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Friday, November 18, 2016

A realistic view

The perennial problem of tyranny—lest we forget

By Waller Newell
264 pp: Cambridge University Press, 2016
Reviewed by Mark Milke
One shopworn cliché about terrorism is that the root cause of it is poverty. Accordingly, if only we could dry up the “pools” of the poor, where resentment and terror ostensibly breed, we would end murderous chaos at its source. The underlying assumption is that if all humanity were fat and happy, the incentives for terrorism and tyranny would disappear.
Proponents of such arguments, who span the ideological spectrum from Marxists to (some) market economists, thus assume a largely materialist explanation for human behaviour. They forget the passions from the petty to the praiseworthy, from grievance-mongers and entitlement-seekers to soldiers who throw themselves on grenades to save their brothers in arms. Instead, the materialists skip past these and other examples of non-pecuniary motivations in the belief that all problems at base, have a material cause.
This folly is eviscerated in a piercing new book from Waller Newell, professor of Political Science and Philosophy at Carleton University. Newell, in the best tradition of a classics scholar uncontaminated by either trendy academic theories or wish-fulfillment fantasies, slices through banal bromides about justifiable behaviour and instead takes account of all human motivations, money being one, but power-seeking being another, especially in politics.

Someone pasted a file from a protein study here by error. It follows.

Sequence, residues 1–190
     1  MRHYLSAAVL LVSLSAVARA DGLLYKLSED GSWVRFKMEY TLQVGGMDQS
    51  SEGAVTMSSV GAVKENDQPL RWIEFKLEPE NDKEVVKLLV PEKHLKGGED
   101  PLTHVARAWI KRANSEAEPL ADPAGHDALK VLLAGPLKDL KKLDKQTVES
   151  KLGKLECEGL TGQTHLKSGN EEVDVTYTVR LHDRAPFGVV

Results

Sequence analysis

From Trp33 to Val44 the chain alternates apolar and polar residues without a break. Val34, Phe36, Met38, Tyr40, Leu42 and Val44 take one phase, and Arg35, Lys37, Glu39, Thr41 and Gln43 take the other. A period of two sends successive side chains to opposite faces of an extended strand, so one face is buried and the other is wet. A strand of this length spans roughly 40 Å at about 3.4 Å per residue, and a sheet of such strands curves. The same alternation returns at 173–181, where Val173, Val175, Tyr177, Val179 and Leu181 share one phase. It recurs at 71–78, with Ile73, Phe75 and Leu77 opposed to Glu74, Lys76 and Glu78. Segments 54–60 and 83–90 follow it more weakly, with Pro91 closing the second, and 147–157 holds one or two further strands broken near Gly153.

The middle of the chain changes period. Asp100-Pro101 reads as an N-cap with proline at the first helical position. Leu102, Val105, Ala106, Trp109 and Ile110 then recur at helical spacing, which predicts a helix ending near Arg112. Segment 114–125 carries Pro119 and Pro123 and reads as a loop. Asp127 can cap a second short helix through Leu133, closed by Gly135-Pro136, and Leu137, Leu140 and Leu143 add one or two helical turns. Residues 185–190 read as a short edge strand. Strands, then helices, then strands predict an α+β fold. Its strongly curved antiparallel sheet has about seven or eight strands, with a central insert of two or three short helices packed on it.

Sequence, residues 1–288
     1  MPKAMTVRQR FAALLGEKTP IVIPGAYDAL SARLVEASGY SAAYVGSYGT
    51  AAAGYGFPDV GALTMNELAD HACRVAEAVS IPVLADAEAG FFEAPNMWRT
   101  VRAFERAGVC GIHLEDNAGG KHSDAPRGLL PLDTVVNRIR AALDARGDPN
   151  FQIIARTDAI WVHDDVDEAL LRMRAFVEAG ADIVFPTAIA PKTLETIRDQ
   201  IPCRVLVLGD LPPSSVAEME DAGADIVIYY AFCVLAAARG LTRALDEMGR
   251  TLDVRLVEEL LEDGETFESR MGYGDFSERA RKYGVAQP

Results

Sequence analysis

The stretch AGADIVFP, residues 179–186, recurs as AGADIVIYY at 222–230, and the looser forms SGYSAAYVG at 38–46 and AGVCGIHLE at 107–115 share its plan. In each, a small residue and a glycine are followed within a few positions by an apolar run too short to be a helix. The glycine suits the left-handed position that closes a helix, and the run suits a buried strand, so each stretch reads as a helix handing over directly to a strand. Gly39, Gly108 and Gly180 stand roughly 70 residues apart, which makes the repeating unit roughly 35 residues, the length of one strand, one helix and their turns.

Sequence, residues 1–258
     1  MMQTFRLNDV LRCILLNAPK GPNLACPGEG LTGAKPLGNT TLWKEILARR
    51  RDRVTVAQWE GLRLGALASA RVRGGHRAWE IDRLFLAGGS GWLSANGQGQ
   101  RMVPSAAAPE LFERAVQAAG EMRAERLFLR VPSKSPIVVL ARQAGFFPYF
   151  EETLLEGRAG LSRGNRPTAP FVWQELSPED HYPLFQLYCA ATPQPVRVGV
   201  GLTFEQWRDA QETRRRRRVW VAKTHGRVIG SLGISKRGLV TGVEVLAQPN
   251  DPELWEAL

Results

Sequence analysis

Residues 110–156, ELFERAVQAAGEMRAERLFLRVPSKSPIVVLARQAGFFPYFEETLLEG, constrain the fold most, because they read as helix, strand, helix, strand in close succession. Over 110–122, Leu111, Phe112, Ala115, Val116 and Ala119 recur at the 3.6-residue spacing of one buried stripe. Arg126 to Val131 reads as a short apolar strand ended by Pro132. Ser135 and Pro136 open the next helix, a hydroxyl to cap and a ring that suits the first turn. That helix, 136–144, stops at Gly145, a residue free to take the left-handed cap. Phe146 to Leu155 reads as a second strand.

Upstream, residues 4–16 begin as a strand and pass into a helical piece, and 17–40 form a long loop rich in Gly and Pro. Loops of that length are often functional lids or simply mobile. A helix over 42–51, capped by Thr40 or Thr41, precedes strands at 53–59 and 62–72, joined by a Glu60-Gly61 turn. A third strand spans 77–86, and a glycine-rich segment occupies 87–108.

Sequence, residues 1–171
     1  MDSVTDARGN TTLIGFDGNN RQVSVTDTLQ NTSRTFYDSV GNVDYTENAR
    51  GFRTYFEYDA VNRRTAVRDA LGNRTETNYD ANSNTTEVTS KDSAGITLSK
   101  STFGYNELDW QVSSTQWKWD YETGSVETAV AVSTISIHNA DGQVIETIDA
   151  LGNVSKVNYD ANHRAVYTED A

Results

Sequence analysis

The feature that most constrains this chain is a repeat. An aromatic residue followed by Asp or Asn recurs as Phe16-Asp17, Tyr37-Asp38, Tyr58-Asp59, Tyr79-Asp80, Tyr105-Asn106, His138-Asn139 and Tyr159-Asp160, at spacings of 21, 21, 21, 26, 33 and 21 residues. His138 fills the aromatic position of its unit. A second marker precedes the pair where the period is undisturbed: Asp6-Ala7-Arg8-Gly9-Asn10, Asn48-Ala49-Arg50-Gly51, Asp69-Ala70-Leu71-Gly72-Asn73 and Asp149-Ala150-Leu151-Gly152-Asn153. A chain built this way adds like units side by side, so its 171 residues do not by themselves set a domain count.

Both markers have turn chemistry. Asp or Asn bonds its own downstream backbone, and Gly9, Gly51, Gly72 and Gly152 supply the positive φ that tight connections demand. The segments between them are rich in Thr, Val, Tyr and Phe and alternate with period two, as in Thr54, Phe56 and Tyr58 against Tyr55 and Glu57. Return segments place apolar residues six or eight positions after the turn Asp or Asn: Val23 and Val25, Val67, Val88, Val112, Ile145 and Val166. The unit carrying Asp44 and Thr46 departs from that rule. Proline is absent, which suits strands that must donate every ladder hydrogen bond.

In Tyrants: A History of Power, Injustice and Terror, Newell takes the reader on a three-millennium ride through history’s Caesars, emperors, Kaisers, dictators, tyrants, and terrorists. The author’s goal is to analyze various types of despotism so we can properly understand the modern terrorists and tyrants we face, and deal with them effectively in order to preserve our freedom.

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